Greaves, Edwin
Kashi the city illustrious or Benares — Allahabad, 1909

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IT would naturally be expected that such a city as
Benares would make a strong appeal to those who
believed that God had laid it upon them to carry
the Evangel of Jesus Christ to India. Such a centre
and fortress of Hinduism would suggest to them what
Jericho suggested to Israel of old, though in another
sense, that was the geographical key of the land, this the
key of the Hinduism of, at least, Northern India. Many
more than seven days have passed, and the walls have
not yet fallen down flat, but Christ's servants still com-
pass the city, sound their trumpets, and "hope on hope
ever." The work of renewal is greater than that of
destruction, we need not wonder if it take a longer time.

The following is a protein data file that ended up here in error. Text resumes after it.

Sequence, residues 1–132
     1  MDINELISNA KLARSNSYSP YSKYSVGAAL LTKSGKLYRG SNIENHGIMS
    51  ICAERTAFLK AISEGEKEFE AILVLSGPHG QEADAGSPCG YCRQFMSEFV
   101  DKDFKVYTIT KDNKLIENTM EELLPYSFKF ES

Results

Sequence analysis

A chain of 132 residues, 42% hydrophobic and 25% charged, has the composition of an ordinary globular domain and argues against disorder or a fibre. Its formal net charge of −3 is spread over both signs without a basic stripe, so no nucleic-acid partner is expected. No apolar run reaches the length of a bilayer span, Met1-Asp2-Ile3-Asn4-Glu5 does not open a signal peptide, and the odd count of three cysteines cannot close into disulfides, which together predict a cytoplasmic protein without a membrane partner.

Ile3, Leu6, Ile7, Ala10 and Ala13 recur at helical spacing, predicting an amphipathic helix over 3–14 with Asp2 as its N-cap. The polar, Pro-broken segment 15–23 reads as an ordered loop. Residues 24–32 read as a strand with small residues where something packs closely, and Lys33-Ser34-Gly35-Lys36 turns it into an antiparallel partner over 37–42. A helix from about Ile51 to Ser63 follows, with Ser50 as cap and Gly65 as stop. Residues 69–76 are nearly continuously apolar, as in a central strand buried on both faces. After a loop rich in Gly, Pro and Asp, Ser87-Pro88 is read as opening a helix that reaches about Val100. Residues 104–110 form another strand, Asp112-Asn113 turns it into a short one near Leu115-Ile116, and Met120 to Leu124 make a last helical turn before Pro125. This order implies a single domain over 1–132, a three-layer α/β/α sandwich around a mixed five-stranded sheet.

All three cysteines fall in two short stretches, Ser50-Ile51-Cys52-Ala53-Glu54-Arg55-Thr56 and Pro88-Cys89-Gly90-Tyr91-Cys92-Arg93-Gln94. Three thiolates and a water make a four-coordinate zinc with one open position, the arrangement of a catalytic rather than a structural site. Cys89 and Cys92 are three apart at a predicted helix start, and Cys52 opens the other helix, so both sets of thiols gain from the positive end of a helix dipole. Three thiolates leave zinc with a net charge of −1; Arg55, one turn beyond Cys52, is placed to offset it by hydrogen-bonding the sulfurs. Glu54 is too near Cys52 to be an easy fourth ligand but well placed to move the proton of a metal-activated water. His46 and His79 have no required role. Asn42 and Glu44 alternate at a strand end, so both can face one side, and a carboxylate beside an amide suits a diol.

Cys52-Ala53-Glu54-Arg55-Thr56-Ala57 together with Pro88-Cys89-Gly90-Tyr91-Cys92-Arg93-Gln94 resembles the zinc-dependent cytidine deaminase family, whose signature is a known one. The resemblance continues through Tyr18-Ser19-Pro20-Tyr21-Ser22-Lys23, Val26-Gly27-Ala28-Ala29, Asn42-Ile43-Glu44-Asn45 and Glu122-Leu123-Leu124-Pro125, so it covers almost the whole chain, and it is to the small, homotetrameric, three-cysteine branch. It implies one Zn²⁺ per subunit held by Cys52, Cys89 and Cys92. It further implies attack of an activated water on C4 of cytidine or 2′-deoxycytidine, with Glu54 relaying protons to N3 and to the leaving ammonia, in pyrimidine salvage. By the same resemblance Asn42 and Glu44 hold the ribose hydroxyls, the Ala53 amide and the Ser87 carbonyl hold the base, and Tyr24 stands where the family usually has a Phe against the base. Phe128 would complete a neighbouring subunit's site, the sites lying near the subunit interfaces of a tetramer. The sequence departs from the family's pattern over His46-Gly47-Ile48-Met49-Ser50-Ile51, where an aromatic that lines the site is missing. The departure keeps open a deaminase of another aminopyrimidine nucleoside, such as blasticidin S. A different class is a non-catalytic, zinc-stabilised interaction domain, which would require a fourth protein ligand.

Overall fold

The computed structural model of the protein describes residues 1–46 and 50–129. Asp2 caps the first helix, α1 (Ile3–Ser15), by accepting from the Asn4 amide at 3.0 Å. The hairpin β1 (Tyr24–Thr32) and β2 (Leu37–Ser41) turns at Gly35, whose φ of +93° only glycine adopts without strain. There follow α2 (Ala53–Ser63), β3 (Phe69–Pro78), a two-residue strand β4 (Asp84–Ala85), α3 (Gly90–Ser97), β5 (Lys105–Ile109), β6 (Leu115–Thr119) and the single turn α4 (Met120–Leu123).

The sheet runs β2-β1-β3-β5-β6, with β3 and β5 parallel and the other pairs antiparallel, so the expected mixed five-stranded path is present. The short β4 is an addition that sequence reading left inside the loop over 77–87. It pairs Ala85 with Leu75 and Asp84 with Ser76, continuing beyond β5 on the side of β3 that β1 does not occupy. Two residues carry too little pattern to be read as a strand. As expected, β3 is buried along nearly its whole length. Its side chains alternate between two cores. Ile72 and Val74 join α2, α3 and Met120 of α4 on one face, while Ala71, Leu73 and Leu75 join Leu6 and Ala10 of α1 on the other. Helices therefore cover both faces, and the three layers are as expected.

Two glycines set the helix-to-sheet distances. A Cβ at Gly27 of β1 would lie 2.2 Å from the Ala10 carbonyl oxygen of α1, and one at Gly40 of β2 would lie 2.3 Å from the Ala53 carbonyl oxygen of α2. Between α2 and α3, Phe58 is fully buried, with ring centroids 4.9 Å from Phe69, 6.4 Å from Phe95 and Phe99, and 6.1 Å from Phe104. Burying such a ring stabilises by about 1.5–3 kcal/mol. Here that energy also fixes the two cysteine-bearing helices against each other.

We find that Christian Missions have been established
here for only little short of a century. The Baptist Society
started work in 1816, the Church Missionary Society in
1817, the London Missionary Society only three years
later, in 1820. In 1867 the Zenana Bible and Medical
Mission (then called the Indian Female Normal School
and Instruction Society) took up work here, in 1878 the
Wesleyan Missionary Society. There is a Roman Catho-
lic Chapel, and a resident priest, but as this work lies
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